Whether you’re a marathoner or you simply jog a few days a week for cardio, everyone dreams of channeling their inner Olympian and getting faster. To pick up your pace, you need to practice running fast—but not every time that you lace up your sneakers. The key is to do mostly easy-effort runs with occasional speed work mixed in. “Lower, more aerobic running provides the structural backbone to most of our running. But incorporating speed work once or twice a week can boost your body’s resiliency and endurance,” says Dylan Belles, an assistant coach at RunnersConnect in Boston.
It might seem counterintuitive to run sprints or perform quick bursts of speed when you’re gearing up for a long, slower-paced race. However, adding some speedier sessions to your schedule will help you finish strong on race day. This is true even if you’re planning to run a marathon and never break a ten-minute-per-mile pace.
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“When we’re running a race of significant distance, the body gets tired and breaks down,” says Belles. As this fatigue settles in, your form often worsens. This can set you up for injury. “By adding a day or two each week where we allow the body to face these race-like stresses, we can be better served to run strong late into a race or long run.”
Speed work also can lead to a faster race day performance. It builds strength and power, and improves your running economy, says Belles. “The stronger the body is, and the better it’s fit to face the rigors of the run, the greater the likelihood [of] our chance of running our best times.”
When taking up speed work, Belles advises beginning gradually. To start, make sure that you have a solid base of running easy-effort miles each week. Then add some speed work just one day a week. More advanced runners can work up to two days a week, equally spaced throughout your schedule with easier runs in between. Adding speed work to your routine doesn’t necessarily mean that you have to start sprinting once a week. Read on for four common types of speed workouts and how each can help you become a stronger runner.
A true tempo run, also called a threshold run, generally includes an easy warmup, then about 20 minutes at 80 to 90 percent effort, followed by a cool-down. That 80 to 90 percent effort is about the pace at which you can operate still under your lactate threshold. That means that you’re running at a pace where your body can still clear lactate from the muscles. Once your muscles accumulate lactate, you start slowing down.
The benefit: You’ll be able to hold that goal race pace. “The better or greater we can manage or increase our lactate threshold, the stronger we can perform at a faster pace for longer,” says Belles.
All tempo runs don’t have to be exactly 20 minutes. You can mix up the setup to benefit your specific goals. If you’re training for a half-marathon, for instance, you might do a six-mile tempo run at your goal half-marathon pace. “This is outside of that 20-minute range. But we get fantastic rhythm work and specific efforts tailored toward the specificity of our upcoming race,” says Belles.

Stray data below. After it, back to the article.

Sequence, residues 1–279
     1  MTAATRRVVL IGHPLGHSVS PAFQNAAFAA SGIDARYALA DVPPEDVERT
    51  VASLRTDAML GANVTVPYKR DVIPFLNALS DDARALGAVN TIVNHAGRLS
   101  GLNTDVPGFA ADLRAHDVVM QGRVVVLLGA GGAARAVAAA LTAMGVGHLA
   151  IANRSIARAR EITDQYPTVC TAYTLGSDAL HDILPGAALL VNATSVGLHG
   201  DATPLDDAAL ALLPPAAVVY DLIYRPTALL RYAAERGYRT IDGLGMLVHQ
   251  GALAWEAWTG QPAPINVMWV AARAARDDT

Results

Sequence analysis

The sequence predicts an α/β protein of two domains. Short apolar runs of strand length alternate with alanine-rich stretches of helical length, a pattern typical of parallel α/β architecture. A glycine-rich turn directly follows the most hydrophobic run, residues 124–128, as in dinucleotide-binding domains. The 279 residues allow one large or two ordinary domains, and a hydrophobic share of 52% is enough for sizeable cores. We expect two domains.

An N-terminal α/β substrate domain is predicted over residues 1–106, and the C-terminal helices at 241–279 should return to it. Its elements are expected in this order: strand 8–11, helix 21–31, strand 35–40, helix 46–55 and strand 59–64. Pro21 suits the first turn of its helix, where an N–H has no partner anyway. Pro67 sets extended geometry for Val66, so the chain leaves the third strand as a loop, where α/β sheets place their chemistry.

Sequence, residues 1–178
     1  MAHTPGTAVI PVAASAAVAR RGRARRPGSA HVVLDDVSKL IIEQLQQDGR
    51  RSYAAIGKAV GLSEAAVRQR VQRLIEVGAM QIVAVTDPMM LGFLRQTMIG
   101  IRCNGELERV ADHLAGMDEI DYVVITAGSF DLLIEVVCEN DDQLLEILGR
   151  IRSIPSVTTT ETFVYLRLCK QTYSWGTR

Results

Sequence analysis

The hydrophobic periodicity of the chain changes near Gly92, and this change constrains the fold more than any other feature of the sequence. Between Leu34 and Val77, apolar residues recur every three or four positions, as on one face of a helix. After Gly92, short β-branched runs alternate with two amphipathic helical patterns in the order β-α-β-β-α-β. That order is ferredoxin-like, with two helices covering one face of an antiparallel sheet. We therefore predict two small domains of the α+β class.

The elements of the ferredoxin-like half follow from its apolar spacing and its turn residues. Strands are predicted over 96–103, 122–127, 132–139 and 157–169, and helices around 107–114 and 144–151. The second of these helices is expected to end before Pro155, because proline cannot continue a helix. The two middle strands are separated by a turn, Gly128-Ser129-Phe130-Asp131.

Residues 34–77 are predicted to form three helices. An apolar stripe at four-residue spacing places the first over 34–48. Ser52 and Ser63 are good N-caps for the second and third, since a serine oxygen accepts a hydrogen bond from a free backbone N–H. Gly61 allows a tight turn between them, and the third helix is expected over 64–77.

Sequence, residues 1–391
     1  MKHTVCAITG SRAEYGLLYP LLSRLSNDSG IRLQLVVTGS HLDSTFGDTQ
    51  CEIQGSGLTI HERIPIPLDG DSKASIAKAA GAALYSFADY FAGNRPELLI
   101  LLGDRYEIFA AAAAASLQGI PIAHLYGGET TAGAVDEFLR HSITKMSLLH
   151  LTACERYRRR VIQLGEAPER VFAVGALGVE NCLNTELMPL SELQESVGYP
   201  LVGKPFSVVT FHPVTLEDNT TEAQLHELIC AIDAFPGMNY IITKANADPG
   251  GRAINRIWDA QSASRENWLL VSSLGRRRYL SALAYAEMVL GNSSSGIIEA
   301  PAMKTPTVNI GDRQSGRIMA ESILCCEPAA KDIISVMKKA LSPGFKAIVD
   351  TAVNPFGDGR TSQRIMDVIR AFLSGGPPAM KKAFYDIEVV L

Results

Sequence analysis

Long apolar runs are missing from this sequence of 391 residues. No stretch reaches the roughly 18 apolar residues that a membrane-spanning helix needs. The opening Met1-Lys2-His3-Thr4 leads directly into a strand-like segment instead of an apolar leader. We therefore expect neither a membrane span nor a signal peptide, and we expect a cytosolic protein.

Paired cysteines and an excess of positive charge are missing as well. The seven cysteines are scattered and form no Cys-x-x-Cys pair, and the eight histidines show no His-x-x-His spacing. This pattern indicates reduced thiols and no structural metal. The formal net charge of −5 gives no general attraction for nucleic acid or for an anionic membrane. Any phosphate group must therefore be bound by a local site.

Check out the tempo runs available on Aaptiv.
Yes, we know what it sounds like—insert dad joke here. This workout has a silly-sounding name and actually means “speed play” in Swedish. The format is totally up to you. It’s all about slowing down and picking up the pace for intervals of various lengths depending on how you feel. For instance, you might run easy for a mile, then sprint until you reach a certain light post, then run at a medium-effort pace for half a mile, and so on. “This workout has unstructured qualities, in that no pace or distance is prescribed. So there’s a lot of flexibility,” says Belles. “Fartleks can be tweaked in many different directions. Some long, some short, some hard, and some just a touch above easy.”
Fartlek runs are great mental prep for races because your pace fluctuates like it will on race day. “They require you to stay mentally focused and continue steeping on the gas as the race ebbs and flows, whether it’s the pace, the conditions, or the course itself,” says Belles.
Even if you’re prepping for a pancake-flat race, running on an incline is a great way to teach your body how to power through when mileage starts to feel tough. “Hills provide wonderful strength- and power-producing effects,” says Belles. He suggests finding a long hill that you could break into 30-, 60-, or 90-second intervals. When you’re starting out, stay on the shorter side. Belles suggests starting with a workout where you run up the hill for 30 seconds at an 80 to 90 percent effort. Jog at an easy pace back down for three minutes, then repeat for four rounds.
From sprints, to tempo runs, to fartlek runs, to hill repeats—Aaptiv has it all.
This speed workout, named after famed runner Bart Yasso, is a favorite of marathoners looking to predict their race-day pace. After an easy warmup, you’ll run 800 meters at a hard effort ten times (resting between each). The idea is that the average you can run for the ten intervals is equal to your marathon finishing time,” says Belles. So, if your average 800-meter time is four minutes and ten seconds, you should be able to finish a marathon in four hours and ten minutes.
“Yasso 800s aren’t the know-all marathon-finishing-time predictors they are cut out to be. In many cases, people find that the average of this repeats are much faster than the time they cross the line on race day,” says Belles. “But, they’re still highly effective for building strength and endurance.”
Speed work is an integral part of any runner’s routine. Look for speed work classes in the outdoor running and treadmill categories in the Aaptiv app to expand your training.